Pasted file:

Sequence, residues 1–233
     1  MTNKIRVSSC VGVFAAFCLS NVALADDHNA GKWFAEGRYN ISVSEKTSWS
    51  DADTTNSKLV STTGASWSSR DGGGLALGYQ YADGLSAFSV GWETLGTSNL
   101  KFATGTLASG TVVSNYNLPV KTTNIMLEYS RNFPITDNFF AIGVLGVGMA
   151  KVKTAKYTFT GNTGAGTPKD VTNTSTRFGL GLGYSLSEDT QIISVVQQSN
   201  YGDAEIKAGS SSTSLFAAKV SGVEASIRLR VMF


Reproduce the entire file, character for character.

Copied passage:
Sequence, residues 1–233
     1  MTNKIRVSSC VGVFAAFCLS NVALADDHNA GKWFAEGRYN ISVSEKTSWS
    51  DADTTNSKLV STTGASWSSR DGGGLALGYQ YADGLSAFSV GWETLGTSNL
   101  KFATGTLASG TVVSNYNLPV KTTNIMLEYS RNFPITDNFF AIGVLGVGMA
   151  KVKTAKYTFT GNTGAGTPKD VTNTSTRFGL GLGYSLSEDT QIISVVQQSN
   201  YGDAEIKAGS SSTSLFAAKV SGVEASIRLR VMF